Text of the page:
I’m going to show you how to make a variable speed linear dolly / slider motor for shooting timelapse videos that can be used on any slider rig for about $55 AUD. For about $85 AUD you can have a deluxe version with two motors, one for timelapse and another for regular speed shots, USB power and a dedicated 12v battery and charger. You can skip to the bottom for a complete parts list and video tutorial.
For those that fall in love with timelapse videography lets not pretend that it is anything other than a slippery slope. When you begin to lose traction on that edge it is very difficult to find your footing; the bottom is yet to be found. For me my latest slip ended in a desire to bring foreground movement into my shots, something which I feel makes them infinitely more engaging. I had already had a go at 360° panning when I purchased myself an ikea egg timer that I paired with my GoPro 3 on a recent trip to the wheat belt of Western Australia, I wasn't amazingly impressed with the results.
Purchase some of the now relatively affordable units out there, these are efficient, small, portable and flexible units and are well worth the investment if you have the money to spare. Check out the Radian by Alpine Laboratories (US $249) for a neat and cheap panning solution. I've got a Radian and it's incredibly powerful, working with a free iOS / Android app to deliver an incremental intervalometer for panning. Oh and the battery lasts for 100 hours on a charge, it's tiny and weighs nothing. I use it with the unit below for combined panning and linear movements, and will put up a hack soon to use it as a linear motion slider motor. There is also Syrp for both panning and linear motion (US$890) or the Cinetics Axis360 (circa $350). Incidentally, I believe that all of these products got going on Kickstarter, which is nice to see, so you should definitely give them your support.
Note: Want to do timelapse (or normal speed) panning shots with the same unit? Too easy! Flip the unit on its side and there should be a thread at the end of the drill chuck. Find a bolt that will go from the thread diameter of the outlet from the drill chuck to the 3/4" (or whatever it is) on your tripod head, screw your tripod head on, put on your camera and.... voila! Panning at timelpase speeds, and it'll spin indefinitely.
A cursory glance over the internet and a watchful eye over friends recent endeavours led me to the realisation that there were two paths out.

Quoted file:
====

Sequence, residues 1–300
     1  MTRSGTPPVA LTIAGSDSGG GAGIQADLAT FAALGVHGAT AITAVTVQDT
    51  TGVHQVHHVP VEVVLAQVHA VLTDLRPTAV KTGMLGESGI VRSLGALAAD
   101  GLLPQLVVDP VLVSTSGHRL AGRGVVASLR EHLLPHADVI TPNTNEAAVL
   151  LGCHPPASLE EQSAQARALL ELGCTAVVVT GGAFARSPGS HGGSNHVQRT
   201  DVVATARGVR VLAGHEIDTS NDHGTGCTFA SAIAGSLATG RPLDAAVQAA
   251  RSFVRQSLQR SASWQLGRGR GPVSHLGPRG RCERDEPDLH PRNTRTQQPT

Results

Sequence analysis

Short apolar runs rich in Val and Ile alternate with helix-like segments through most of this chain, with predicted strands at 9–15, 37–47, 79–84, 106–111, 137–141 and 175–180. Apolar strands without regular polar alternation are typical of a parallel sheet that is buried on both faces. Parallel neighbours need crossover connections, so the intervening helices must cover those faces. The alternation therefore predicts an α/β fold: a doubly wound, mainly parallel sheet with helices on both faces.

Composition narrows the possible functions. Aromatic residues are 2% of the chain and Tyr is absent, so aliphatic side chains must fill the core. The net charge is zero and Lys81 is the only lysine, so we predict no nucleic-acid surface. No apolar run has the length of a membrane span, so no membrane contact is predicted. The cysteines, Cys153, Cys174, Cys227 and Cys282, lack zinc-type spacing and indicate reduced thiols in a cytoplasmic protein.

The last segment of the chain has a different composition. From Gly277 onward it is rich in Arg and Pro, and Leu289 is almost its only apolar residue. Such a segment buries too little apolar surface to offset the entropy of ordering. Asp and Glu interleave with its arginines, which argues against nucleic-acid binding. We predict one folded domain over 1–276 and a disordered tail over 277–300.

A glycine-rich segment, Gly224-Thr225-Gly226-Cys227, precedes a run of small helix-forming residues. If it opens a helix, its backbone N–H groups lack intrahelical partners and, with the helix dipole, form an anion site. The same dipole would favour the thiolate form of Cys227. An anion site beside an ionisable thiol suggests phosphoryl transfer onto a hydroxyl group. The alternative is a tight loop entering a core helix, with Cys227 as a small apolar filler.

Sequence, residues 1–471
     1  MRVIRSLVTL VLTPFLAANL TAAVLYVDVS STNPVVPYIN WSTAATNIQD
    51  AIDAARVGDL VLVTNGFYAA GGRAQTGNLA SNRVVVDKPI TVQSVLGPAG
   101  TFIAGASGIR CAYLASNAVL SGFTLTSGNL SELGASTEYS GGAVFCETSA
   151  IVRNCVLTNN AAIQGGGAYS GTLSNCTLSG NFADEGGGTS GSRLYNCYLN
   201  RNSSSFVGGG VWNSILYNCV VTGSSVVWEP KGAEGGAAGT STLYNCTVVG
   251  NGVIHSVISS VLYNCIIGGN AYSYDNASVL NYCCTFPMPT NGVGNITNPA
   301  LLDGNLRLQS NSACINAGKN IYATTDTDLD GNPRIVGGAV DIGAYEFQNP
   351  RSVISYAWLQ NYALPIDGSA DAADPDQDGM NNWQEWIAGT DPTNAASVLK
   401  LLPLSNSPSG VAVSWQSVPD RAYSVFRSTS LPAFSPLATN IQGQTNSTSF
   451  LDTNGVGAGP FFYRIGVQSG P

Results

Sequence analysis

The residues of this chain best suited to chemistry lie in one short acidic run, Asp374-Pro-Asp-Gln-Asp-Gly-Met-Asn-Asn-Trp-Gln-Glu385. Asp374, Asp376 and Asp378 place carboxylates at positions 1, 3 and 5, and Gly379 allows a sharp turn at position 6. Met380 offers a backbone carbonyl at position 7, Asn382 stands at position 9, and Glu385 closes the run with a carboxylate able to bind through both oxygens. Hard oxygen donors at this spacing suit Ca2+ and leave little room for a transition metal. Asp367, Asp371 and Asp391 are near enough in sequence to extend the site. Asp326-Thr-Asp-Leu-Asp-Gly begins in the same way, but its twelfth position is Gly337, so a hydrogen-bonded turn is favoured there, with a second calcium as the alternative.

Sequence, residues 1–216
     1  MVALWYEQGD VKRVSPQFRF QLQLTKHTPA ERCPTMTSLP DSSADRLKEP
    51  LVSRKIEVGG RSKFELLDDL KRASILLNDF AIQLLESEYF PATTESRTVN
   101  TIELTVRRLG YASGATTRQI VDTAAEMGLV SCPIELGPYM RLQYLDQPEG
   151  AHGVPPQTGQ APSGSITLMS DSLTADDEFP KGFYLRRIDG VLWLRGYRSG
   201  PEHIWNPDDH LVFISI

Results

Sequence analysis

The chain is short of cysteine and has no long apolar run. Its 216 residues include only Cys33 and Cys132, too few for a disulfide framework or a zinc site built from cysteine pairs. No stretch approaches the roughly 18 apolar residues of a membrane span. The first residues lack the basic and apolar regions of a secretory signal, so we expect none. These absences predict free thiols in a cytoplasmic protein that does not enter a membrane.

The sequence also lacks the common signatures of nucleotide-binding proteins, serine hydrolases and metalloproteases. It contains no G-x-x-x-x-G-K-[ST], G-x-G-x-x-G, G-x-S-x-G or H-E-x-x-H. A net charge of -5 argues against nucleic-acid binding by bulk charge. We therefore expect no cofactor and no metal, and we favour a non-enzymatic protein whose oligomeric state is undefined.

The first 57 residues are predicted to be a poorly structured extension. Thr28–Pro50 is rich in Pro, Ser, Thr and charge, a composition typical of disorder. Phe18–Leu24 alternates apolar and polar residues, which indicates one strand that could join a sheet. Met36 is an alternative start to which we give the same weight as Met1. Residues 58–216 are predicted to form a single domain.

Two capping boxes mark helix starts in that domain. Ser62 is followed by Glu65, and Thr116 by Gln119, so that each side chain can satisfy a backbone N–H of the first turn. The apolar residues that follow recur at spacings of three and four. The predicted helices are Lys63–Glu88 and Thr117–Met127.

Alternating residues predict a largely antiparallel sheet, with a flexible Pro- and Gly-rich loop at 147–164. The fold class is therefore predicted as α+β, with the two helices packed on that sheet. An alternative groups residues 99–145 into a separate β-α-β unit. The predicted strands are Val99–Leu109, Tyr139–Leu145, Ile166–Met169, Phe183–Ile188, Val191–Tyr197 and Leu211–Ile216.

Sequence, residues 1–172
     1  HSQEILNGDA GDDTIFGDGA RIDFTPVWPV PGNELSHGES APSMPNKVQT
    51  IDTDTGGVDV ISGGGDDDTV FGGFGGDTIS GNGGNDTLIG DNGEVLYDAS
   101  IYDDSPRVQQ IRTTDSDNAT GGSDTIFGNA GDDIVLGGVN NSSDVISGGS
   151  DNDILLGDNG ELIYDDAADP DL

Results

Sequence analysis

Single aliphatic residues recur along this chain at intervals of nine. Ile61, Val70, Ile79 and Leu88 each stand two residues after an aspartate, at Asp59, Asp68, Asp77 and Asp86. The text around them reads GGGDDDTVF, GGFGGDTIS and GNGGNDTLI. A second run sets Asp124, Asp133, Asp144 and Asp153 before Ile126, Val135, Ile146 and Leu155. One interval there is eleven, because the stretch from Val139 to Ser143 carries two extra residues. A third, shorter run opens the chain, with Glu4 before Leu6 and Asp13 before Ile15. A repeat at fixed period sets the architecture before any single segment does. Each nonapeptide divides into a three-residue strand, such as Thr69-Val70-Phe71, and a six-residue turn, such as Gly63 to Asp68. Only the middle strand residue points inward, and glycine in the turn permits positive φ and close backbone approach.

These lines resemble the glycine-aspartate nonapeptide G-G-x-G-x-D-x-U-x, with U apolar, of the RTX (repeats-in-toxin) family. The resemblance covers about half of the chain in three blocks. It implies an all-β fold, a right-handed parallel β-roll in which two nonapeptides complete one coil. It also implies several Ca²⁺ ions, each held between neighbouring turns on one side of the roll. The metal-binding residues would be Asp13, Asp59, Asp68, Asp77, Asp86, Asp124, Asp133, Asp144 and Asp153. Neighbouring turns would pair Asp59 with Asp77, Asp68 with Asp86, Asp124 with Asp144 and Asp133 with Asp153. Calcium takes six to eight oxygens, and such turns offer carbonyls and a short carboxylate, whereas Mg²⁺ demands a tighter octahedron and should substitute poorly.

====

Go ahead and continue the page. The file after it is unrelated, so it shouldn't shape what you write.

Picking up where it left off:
Then there’s the DIY path. While the other options were tempting, I simply couldn’t justify the money right now, so I decided to build one myself. I found a number of tutorials, although I couldn’t find detail on the kind of travel friendly implementation I was after. Thus I found myself on a journey to construct my own. I made many a mistake (of which I detail in the video tutorial below) and also some improvements on the implementations I drew inspiration from.
This unit builds upon the ideas of Style43 and Joakim Fjeldli - I am simply taking their ideas (and those of numerous others on the interweb) and giving you some extra detail on how to build a complete, portable unit including a different elegant speed control solution. Thanks for the inspiration to both of them!
These are the parts I suggest you get. If you want to do it on the cheap scrap the USB port, battery and 60rpm motor and you'll land around the $55 mark. There's no need to purchase the particular units mentioned - I didn't have time to get parts from China as I was leaving to travel, so I purchased different parts locally. It just cost a lot more.
I use a Konova K2 80cm slider, I find it's a perfect balance of quality and price, although in hindsight I would have got the 60cm version as I think that would have been plenty of movement and that little bit more portable. In fact, it's stupidly cheap for how smooth and robust it is, so I can't recommend it highly enough. I just backpacked through South America with it for 6 months, thrashing it through terrain from wild coast of Eastern Argentina to the top of the Andes, down into the Amazon and even the sandy deserts of Peru. It survived without a scratch, which is a miracle given the transport we were using!
Konova K2 80cm: $219
Konova K2 60cm: $189
- Dremel to grind down spacers (optional - a file will work);
- Spade bits (only if you're putting in USB power)
- Pliers; and
- Soldering iron (optional - some well placed electrical tape can work!).
- Assorted screws;
- Misc. bolt;
- Any old electrical cable (you can cut up an old extension cord); and
- Fishing line.
For starters, check out the short video I made one afternoon to test out the motor. While it has both timelapse and normal speed shots using the motor, it doesn't have night time shots, i'll update this post once i've tested it at night. Unfortunately it rained the entire day so conditions weren't ideal, but you get the idea.
I recommend a Konova 60cm slider. Its the best mix of value and quality i've heard of at c. $189. It has bearing tension capability which is essential; you need a bit of tension on the bearings to get smooth motion, just a tad.
You'll also need an intervalometer to do the actual timelapse, you can get them off eBay for c. $30 but be sure to get one that can trigger indefinitely as many timeout at 99 shots which is about 4 seconds of footage. I used Magic Lantern on my 6D, which is an incredible hack that allows you to do it in-camera, among 1,000,000 other useful things. Get it here, I highly recommend it.